Cookies Policy
X
Cookie Policy

This site uses cookies. By continuing to browse the site you are agreeing to our use of cookies.

I accept this policy

Find out more here

Individual-level lateralization in the asymmetrical gaits of wild chimpanzees (Pan troglodytes): implications for hand preference and skeletal asymmetry?

MyBook is a cheap paperback edition of the original book and will be sold at uniform, low price.

Buy this article

Price:
$30.00+ Tax (if applicable)
Add to Favorites

image of Behaviour

We examined lateral biases in the asymmetrical gallop gaits of wild chimpanzees (Pan troglodytes) approaching trees to drum in Gombe National Park, Tanzania. This is the first study of chimpanzee fast gaits under natural conditions. Analyzing digital video recordings collected over a 12-year period, we were able to determine lateral bias in 153 gallop bouts for the eight most frequently sampled males. For 89 of these bouts, symmetry and duty factor measurements were also possible for at least one stride cycle. Seven of eight males were lateralized, and the eighth was ambi-preferent. The degree of lateralization was comparable to that reported for chimpanzee hand preference during complex, bi-manual object manipulation, and similar to that reported for galloping in domestic horses. No group-level directional bias was found. Although little is known about lateral biases in the asymmetrical gaits of mammals in the wild, we speculate that predator-prey dynamics would select against group-level lateral biases but for the ability to switch leads. The absence of lead switching by chimpanzees in this study may reflect selection for maximum speed to reach arboreal escape routes. We discuss the possibility that locomotor lateralization could constrain the emergence of group-level biases in hand preference in chimpanzees, and could be implicated in the development of limb long bone asymmetries.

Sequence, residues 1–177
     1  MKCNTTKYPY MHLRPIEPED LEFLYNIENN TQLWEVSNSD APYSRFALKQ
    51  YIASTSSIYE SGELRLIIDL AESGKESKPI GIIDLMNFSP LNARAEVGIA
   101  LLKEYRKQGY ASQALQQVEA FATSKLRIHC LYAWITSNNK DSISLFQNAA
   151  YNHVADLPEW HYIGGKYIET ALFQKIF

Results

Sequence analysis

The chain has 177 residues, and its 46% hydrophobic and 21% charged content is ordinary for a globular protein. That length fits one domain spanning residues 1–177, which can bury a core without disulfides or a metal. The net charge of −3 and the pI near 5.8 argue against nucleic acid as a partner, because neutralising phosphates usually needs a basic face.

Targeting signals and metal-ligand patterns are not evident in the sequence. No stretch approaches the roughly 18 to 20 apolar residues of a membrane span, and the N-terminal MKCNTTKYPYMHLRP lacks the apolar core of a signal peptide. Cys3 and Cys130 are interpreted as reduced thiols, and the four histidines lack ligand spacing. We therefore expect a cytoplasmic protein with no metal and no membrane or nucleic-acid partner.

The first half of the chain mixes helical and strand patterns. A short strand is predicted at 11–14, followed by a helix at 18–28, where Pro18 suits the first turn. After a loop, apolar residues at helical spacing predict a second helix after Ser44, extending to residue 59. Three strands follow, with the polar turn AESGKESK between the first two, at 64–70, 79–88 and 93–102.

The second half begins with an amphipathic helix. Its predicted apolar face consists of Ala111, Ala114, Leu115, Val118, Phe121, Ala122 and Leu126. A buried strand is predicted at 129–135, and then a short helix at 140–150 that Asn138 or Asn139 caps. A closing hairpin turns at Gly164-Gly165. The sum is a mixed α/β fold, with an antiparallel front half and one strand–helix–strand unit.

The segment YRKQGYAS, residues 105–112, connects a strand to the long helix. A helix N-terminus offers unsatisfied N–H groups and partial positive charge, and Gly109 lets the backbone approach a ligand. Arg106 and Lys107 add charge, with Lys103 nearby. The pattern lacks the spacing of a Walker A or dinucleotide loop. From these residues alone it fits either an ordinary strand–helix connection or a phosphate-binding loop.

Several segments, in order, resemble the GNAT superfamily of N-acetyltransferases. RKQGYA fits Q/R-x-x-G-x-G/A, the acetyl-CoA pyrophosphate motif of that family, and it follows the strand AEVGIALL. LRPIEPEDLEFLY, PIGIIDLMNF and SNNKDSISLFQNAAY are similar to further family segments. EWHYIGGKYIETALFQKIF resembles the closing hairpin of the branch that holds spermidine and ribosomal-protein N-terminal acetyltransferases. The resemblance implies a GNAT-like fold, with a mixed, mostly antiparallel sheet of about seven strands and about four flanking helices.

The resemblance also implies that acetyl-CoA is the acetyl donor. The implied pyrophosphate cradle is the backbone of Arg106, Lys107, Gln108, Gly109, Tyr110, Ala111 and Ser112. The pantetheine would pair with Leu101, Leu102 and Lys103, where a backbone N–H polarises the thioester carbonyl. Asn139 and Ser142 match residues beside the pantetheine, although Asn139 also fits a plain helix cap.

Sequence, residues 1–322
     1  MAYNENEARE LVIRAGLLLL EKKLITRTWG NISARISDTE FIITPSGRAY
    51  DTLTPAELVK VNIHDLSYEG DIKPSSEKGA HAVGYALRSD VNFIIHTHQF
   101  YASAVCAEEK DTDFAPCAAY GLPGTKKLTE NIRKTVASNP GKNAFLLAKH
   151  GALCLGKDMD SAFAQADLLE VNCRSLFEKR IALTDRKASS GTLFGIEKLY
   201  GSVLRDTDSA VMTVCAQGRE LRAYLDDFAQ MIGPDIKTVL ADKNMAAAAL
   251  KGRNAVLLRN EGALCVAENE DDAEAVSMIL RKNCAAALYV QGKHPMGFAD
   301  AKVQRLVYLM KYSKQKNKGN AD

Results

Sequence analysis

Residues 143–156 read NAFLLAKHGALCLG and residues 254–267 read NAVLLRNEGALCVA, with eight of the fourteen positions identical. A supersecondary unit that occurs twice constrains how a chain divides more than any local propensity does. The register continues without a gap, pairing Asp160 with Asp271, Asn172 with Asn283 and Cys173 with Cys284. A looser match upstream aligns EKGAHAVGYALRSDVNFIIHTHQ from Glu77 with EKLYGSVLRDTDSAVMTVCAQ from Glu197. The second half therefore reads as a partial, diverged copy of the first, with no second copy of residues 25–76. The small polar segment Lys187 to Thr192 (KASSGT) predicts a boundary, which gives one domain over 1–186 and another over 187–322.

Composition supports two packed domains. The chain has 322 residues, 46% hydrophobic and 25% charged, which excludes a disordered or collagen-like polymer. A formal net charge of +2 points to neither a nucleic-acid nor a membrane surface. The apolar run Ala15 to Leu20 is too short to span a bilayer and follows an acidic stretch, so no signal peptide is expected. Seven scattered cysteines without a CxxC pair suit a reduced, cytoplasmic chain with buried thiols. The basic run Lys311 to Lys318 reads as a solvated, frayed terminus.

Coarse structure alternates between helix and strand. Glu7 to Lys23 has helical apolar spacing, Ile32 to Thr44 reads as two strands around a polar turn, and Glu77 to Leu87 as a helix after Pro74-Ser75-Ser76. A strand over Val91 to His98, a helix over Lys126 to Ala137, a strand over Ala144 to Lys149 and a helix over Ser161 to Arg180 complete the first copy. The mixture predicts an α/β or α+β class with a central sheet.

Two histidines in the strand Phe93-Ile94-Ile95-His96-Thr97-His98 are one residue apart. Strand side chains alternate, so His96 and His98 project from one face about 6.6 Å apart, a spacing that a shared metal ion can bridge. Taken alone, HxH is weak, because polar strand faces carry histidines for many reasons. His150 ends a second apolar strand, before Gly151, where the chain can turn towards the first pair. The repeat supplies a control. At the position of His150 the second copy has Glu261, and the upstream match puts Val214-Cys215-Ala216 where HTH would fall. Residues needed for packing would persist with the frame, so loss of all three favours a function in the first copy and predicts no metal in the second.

Affiliations: 1: 1Anthropology Department, Cornell University, Ithaca, NY 14853, USA; 2: 2Jane Goodall Institute, Arlington, VA 22203, USA

Sign-in

Can't access your account?
  • Tools

  • Add to Favorites
  • Printable version
  • Email this page
  • Create email alert
  • Get permissions
  • Recommend to your library

    You must fill out fields marked with: *

    Librarian details
    Name:*
    Email:*
    Your details
    Name:*
    Email:*
    Department:*
    Why are you recommending this title?
    Select reason:
     
     
     
     
    Other:
     
    Behaviour — Recommend this title to your library

    Thank you

    Your recommendation has been sent to your librarian.

  • Export citations
  • Key

  • Full access
  • Open Access
  • Partial/No accessInformation